Etymology
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aggravate (v.)

1520s, "make heavy, burden down," from Latin aggravatus, past participle of aggravare "to render more troublesome," literally "to make heavy or heavier, add to the weight of," from ad "to" (see ad-) + gravare "weigh down," from gravis "heavy" (from PIE root *gwere- (1) "heavy"). The literal sense in English has become obsolete; meaning "to make a bad thing worse" is from 1590s; colloquial sense "exasperate, annoy" is from 1610s. The earlier English verb was aggrege "make heavier or more burdensome; make more oppressive; increase, intensify" (late 14c.), from Old French agreger.

To aggravate has properly only one meaning — to make (an evil) worse or more serious. [Fowler]
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aggravated (adj.)
1540s, "increased, magnified," past-participle adjective from aggravate. Meaning "irritated" is from 1610s; that of "made worse" is from 1630s. The earlier adjective was simply aggravate "threatened" (late 15c.), from the Latin past participle.
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reaggravate (v.)

also re-aggravate, 1610s, "to make still heavier" (a sense now obsolete), from re- "again" + aggravate. The same word was used late 15c. as a past-participle adjective meaning "censured a second time." Related: Reaggravated; reaggravating; reaggravation.

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aggravating (adj.)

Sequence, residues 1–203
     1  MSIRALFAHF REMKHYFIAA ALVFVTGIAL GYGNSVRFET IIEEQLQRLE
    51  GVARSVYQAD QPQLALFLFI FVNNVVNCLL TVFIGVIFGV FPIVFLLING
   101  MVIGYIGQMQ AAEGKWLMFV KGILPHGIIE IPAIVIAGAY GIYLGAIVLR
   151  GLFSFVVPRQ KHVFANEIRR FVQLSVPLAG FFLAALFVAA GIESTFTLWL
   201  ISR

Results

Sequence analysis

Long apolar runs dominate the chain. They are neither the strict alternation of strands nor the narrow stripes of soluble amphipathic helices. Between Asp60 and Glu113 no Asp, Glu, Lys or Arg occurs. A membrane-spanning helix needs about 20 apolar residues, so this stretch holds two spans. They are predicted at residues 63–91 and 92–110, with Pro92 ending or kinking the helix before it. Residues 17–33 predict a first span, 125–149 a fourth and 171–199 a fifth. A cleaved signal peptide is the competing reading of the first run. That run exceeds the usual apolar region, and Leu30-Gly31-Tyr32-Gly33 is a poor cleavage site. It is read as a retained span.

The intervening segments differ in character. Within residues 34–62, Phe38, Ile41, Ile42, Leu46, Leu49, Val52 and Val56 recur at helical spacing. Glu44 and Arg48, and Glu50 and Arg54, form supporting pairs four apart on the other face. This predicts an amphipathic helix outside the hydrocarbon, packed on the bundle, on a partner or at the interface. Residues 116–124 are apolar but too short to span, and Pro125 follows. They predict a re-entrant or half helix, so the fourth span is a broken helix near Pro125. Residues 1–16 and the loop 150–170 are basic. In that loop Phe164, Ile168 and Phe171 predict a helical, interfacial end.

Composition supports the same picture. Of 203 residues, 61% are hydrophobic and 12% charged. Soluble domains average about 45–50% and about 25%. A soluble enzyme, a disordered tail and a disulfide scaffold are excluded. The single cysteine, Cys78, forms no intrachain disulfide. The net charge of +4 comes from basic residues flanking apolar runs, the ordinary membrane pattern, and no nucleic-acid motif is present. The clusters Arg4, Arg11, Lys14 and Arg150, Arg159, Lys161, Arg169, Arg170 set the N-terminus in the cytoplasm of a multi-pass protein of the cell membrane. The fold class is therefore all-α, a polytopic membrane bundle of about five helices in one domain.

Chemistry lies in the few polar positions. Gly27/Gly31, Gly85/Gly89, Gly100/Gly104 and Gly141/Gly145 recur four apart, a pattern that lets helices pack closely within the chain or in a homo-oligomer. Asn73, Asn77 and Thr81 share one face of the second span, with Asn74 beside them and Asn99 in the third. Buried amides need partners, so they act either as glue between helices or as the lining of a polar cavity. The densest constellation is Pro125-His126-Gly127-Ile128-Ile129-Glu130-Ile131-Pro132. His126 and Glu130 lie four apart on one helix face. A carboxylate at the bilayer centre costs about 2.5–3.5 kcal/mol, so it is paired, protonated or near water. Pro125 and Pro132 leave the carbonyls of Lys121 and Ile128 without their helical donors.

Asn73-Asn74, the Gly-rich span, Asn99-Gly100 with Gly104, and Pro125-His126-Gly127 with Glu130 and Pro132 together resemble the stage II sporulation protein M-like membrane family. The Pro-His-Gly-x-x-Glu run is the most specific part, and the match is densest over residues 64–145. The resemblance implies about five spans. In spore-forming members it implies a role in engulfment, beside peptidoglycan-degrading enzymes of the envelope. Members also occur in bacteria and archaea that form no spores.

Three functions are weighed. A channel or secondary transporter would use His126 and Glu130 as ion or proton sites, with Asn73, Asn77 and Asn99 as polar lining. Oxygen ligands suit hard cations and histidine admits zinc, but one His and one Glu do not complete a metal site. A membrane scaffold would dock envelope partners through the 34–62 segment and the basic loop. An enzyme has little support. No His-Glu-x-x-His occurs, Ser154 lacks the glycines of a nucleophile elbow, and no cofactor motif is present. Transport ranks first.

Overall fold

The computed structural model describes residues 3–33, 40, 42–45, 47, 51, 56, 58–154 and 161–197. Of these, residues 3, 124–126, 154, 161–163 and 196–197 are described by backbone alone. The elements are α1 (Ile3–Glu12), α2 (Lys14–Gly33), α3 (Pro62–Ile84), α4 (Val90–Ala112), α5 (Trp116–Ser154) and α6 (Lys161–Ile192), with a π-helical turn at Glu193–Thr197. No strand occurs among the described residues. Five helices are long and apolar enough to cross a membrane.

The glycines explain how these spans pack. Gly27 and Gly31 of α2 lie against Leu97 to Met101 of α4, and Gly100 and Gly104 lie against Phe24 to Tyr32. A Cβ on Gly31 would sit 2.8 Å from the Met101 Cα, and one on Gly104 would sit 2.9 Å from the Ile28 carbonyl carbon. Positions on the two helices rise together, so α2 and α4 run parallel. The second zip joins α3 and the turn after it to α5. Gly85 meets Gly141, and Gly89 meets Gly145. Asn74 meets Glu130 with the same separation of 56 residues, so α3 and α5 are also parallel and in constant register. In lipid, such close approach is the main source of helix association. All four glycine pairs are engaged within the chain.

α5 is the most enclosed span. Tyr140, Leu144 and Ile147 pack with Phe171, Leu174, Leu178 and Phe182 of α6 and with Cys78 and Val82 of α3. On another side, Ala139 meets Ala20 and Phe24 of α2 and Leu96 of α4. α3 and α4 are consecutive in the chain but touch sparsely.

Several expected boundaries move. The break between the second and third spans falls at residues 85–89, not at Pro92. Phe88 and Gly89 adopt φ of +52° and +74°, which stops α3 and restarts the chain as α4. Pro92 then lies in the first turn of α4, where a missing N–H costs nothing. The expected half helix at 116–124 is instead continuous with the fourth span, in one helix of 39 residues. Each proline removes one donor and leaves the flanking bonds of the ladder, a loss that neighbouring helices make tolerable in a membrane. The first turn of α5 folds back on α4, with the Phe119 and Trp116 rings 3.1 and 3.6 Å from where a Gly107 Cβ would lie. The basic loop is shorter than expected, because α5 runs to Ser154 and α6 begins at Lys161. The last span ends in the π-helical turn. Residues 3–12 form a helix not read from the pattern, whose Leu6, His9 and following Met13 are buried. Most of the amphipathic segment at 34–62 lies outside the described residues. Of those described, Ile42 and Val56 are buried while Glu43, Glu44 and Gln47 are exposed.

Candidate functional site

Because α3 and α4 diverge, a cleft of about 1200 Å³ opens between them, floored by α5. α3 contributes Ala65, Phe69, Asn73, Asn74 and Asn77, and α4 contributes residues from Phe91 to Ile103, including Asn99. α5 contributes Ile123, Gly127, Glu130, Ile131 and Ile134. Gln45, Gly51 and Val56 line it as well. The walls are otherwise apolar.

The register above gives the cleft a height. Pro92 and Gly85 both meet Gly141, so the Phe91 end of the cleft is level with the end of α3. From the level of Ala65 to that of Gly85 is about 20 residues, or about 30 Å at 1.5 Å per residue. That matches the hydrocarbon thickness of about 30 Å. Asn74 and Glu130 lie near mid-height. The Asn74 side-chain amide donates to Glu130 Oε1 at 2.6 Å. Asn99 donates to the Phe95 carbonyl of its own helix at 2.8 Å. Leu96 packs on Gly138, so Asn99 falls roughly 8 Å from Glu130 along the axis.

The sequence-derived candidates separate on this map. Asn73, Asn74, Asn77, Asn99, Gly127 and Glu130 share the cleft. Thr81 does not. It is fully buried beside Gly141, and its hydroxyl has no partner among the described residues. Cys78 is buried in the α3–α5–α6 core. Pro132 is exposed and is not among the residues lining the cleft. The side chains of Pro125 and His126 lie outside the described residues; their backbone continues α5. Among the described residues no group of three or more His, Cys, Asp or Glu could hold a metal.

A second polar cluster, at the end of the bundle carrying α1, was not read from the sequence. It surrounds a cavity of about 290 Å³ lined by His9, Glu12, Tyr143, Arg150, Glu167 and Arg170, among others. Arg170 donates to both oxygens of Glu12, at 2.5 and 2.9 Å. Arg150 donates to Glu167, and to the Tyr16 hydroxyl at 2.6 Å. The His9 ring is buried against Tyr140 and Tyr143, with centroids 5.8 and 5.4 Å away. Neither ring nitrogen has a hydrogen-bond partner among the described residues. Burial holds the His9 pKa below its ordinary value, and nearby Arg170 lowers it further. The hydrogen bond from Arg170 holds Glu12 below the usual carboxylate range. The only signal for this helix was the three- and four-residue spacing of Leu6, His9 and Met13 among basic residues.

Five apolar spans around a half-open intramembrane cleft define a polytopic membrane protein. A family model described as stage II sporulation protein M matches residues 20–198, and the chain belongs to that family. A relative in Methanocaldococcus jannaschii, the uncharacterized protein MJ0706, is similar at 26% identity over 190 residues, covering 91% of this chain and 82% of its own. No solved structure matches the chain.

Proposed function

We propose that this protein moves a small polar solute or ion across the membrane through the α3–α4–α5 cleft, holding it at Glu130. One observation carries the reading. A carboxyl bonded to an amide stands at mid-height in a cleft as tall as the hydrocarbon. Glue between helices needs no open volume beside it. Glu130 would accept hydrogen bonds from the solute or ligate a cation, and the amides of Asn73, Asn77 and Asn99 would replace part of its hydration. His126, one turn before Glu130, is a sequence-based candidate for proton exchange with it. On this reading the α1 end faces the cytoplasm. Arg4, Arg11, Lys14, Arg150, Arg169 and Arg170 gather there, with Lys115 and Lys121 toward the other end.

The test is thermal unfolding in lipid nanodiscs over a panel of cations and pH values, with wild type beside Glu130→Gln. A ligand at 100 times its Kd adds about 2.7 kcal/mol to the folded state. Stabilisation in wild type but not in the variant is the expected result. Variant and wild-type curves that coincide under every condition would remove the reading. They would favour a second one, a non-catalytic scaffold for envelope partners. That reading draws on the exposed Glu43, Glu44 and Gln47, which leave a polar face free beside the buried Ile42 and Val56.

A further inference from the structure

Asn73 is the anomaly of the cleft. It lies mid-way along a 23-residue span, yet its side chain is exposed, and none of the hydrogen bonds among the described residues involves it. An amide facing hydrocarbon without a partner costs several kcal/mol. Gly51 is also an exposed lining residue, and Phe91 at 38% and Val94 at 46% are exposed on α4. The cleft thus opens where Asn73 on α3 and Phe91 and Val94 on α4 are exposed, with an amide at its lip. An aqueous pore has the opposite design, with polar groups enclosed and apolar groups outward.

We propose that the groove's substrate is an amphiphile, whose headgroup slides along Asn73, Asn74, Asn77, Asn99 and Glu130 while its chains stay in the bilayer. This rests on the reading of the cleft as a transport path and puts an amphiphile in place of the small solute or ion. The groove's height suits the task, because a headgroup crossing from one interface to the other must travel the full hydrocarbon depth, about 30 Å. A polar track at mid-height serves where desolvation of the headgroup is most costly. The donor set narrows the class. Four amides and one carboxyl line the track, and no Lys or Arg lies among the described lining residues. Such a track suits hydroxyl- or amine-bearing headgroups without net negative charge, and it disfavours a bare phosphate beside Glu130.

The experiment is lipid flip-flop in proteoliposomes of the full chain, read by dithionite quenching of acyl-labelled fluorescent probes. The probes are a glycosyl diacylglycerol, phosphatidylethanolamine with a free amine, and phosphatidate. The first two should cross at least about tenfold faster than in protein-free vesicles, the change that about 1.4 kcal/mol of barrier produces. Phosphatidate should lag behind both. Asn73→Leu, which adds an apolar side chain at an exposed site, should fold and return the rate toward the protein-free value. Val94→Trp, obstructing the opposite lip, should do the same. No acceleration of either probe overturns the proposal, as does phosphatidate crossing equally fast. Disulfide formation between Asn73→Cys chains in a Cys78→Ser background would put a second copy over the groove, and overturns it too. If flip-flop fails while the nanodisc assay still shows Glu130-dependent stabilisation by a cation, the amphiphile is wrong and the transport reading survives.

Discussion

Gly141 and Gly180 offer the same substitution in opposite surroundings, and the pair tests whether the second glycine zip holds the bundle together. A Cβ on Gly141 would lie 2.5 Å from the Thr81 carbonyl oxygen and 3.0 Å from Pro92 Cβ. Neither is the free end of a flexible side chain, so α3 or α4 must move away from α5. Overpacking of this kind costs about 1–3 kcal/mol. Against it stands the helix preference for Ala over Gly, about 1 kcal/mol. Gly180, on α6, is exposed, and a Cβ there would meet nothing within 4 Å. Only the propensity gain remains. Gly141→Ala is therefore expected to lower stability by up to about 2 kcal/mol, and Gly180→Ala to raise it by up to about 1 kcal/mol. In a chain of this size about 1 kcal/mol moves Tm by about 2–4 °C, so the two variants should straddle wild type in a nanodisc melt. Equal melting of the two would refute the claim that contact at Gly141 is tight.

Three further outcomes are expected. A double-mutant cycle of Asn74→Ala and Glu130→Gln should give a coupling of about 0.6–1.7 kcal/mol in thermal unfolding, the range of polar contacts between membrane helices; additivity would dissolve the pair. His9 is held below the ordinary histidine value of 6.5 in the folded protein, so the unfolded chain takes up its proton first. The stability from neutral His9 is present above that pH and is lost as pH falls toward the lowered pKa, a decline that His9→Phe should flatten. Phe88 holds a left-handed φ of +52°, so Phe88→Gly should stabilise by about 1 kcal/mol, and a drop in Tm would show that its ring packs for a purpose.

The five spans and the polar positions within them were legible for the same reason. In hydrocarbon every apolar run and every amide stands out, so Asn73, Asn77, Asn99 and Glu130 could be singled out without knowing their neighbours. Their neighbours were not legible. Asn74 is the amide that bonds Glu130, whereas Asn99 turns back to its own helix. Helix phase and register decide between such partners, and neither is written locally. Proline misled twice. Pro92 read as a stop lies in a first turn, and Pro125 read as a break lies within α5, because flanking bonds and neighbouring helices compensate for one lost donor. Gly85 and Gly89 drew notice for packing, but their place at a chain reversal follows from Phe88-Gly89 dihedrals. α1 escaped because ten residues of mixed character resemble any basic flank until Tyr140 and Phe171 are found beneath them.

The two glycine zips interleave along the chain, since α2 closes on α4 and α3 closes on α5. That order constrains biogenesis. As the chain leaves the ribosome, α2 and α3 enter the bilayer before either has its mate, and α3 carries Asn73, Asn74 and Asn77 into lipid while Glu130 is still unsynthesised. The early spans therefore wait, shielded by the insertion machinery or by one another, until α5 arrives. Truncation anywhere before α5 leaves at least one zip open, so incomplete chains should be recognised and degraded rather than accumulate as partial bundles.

1670s, "making worse or more heinous" (implied in aggravatingly), present-participle adjective from aggravate (v.). Phrase aggravating circumstances is recorded from 1790. Weakened sense of "provoking, annoying" is by 1775. An earlier adjective in the sense "troublesome, causing difficulty" was Middle English aggravaunt (mid-15c.)
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*gwere- (1)
gwerə-, Proto-Indo-European root meaning "heavy."

It forms all or part of: aggravate; aggravation; aggrieve; bar (n.4) "unit of pressure;" bariatric; baritone; barium; barometer; blitzkrieg; brig; brigade; brigand; brigantine; brio; brut; brute; charivari; gravamen; grave (adj.); gravid; gravimeter; gravitate; gravity; grief; grieve; kriegspiel; guru; hyperbaric; isobar; quern; sitzkrieg.

It is the hypothetical source of/evidence for its existence is provided by: Sanskrit guruh "heavy, weighty, venerable;" Greek baros "weight," barys "heavy in weight," often with the notion of "strength, force;" Latin gravis, "heavy, ponderous, burdensome, loaded; pregnant;" Old English cweorn "quern;" Gothic kaurus "heavy;" Lettish gruts "heavy."
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gravitate (v.)

1640s, "exert weight; move downward" (obsolete), from Modern Latin gravitare (16c. in scientific writing), from Latin gravitas "heaviness, weight," from gravis "heavy" (from PIE root *gwere- (1) "heavy"). Meaning "be affected by gravity" is from 1690s. Figurative sense "be strongly attracted to, have a natural tendency toward" is from 1670s. Related: Gravitated; gravitating. The classical Latin verb was gravare "to make heavy, burden, oppress, aggravate."

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-ate (2)
verbal suffix for Latin verbs in -are, identical with -ate (1). Old English commonly made verbs from adjectives by adding a verbal ending to the word (such as gnornian "be sad, mourn," gnorn "sad, depressed"), but as the inflections wore off English words in late Old and early Middle English, there came to be no difference between the adjective and the verb in dry, empty, warm, etc. Thus accustomed to the identity of adjectival and verbal forms of a word, the English, when they began to expand their Latin-based vocabulary after c. 1500, simply made verbs from Latin past-participial adjectives without changing their form (such as aggravate, substantiate) and it became the custom that Latin verbs were Englished from their past participle stems.
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